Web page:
"We always start inside-out," Bryant said, when asked about Bynum and Pau Gasol's effectiveness on offense. "If you mean (to ask me) if I'm going to shoot less, the answer is no. It starts with me. I do what I do and we play off of that. That's not going to change."
One of the more remarkable NBA stats: Bryant has attempted at least 20 shots a game in 10 of the last 11 seasons, including each of the last seven. He's led the NBA in field goal attempts in four of the last six years and is currently more than 2,000 attempts ahead of Kevin Garnett, who is second on the field goal attempts list for active players. By the end of the 2012-2013 season, barring a debilitating injury, Bryant will be No. 3 on the all-time attempts list, passing former Chicago Bulls great Michael Jordan. 

The numbers agree: Bryant couldn't be more correct in saying that he does what he does. He will shoot the ball, whether he's on a championship team or a non-contender, whether he's surrounded by stars or role players, whether it's fall, winter, spring or summer. He is, without argument, an all-time great when it comes to attempting shots.

The emergence of Lakers center Andrew Bynum, which has been impressive, won't change that. New Lakers coach Mike Brown isn't about to request a new approach from Bryant. The wrist injury is unlikely to change his approach; the only way it will limit Bryant if it keeps him off the court completely. 

In an ideal world, one primed for offensive efficiency, Bryant would take either less shots or higher percentage shots. But that type of ideal world would also involve a time machine that brings back forward Lamar Odom from the Dallas Mavericks, where he was traded in a hurried salary dump after he expressed discontent when he found himself in trade rumors. With Odom gone, the temptation for Bryant, 33, to go into gun-first, gun-often mode is simply too powerful. Given the available fourth scoring options -- Metta World Peace, Steve Blake -- it's tough to blame him.

Certainly, there's a threshold for shooting too much. Even though he's leading the league in attempts again, Bryant hasn't crossed the line. Here's the benchmark: as long as both Gasol and Bynum are hitting double-digits in attempts, and both have in every game they've played, Bryant gets as many shots as he wants, even if he's falling away, double-covered and dealing with a painful wrist injury that requires constant treatment.

If that prescription continues to produce performances like this weekend's, the change in strategy should come in how the injury is being managed -- i.e. force Bryant to take extended rest -- rather than how the offense is being executed or how the shots are being divvied up.
Posted on: December 31, 2011 6:43 pm
Edited on: December 31, 2011 6:57 pm
 

Theory and Proof: Andrew Bynum surprises in debut

Posted by Ben Golliverandrew-bynum-2012

THEORY: Los Angeles Lakers center Andrew Bynum is a prime candidate for a slow start in a lockout and suspension-shortened season.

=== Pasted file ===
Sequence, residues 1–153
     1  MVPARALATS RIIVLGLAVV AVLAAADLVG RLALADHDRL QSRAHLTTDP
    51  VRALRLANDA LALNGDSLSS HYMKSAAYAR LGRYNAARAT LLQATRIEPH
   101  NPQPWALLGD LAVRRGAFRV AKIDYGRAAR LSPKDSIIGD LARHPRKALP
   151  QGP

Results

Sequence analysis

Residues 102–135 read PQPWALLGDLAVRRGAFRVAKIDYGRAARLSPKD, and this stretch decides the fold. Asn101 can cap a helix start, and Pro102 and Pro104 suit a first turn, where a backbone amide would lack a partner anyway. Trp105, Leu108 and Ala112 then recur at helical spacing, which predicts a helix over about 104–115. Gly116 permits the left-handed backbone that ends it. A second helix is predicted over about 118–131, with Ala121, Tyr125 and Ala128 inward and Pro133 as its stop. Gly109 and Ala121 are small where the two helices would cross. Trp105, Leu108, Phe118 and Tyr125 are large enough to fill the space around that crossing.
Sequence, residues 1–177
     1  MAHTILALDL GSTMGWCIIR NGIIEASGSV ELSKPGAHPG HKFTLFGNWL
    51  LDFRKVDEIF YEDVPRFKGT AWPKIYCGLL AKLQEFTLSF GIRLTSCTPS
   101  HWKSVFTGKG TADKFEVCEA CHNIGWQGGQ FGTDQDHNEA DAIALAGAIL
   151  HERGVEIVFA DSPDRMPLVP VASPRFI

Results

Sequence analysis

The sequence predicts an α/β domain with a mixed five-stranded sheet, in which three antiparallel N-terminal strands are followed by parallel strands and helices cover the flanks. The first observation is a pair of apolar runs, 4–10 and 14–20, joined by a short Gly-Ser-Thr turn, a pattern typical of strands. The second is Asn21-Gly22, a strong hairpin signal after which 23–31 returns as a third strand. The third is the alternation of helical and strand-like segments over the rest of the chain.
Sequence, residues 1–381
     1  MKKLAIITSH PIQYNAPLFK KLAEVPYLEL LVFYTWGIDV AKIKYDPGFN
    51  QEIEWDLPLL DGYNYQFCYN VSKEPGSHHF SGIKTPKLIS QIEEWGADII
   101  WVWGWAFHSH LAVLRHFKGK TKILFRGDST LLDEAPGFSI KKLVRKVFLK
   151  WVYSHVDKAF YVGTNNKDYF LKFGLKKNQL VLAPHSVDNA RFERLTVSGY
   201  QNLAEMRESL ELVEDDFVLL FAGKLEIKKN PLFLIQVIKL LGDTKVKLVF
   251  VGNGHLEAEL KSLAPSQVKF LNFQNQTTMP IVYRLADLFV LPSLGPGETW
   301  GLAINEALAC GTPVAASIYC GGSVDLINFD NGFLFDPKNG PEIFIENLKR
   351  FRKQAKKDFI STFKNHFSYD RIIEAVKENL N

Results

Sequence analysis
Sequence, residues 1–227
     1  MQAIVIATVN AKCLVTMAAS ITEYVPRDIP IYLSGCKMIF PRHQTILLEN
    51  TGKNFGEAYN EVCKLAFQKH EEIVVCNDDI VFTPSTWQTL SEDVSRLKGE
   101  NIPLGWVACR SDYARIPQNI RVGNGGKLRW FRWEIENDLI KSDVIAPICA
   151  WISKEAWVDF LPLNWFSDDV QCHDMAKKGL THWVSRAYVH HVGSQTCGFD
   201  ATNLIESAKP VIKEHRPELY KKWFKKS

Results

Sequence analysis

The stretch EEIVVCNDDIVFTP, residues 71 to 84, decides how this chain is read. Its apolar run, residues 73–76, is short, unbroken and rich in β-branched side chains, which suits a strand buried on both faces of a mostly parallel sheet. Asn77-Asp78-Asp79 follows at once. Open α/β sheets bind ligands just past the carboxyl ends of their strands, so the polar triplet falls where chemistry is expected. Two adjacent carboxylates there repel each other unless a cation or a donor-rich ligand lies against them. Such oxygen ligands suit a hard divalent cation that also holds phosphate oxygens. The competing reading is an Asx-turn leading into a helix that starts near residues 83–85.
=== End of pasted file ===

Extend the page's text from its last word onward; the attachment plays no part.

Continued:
PROOF: 29 points, 13 rebounds, 2 blocks, 1 assist, 1 steal, 13-for-18 shooting in 32 minutes in his debut against the Denver Nuggets. Not exactly what we expected. 

The last time we saw Los Angeles Lakers center Andrew Bynum in an NBA game, he had stripped himself half-naked in frustration after getting ejected for delivering a dirty, dangerous hit on Dallas Mavericks guard J.J. Barea.

That day marked the beginning of what would be a long lockout for Bynum, who has dealt with questions about his maturity, his health, his conditioning and his potential use as a trade chip for seven months. 

From the outside looking in, there were reasons galore to expect a slow, sloppy start from Bynum. While fully healthy for the first time entering a season in a few years, Bynum was suspended for the season's first four games due to the hit on Barea, meaning he lacked the first week conditioning ramp up afforded everyone else. He was away from the professional game for seven months, given a two-week period of training camp and preseason and then forced to wait as everyone around him -- teammates and opponents -- continued to progress.

That's just the tip of iceberg. Bynum is dealing with a new coach, Mike Brown, and his new systems. He's dealing with a new rotation surrounding him that lacks forward Lamar Odom, dumped in a trade to the Mavericks. He's playing with the knowledge that his front office nearly blew up the roster to acquire point guard Chris Paul in trade and knowing that he is the No. 1 most desired chip if and when Orlando Magic GM Otis Smith bites the bullet and moves All-Star center Dwight Howard. Of course, Bynum is also dealing with continued scrutiny of his offcourt behavior, which includes a number of recent traffic citations and an embarrasing incident in which he was caught parking in a handicapped spot while grocery shopping.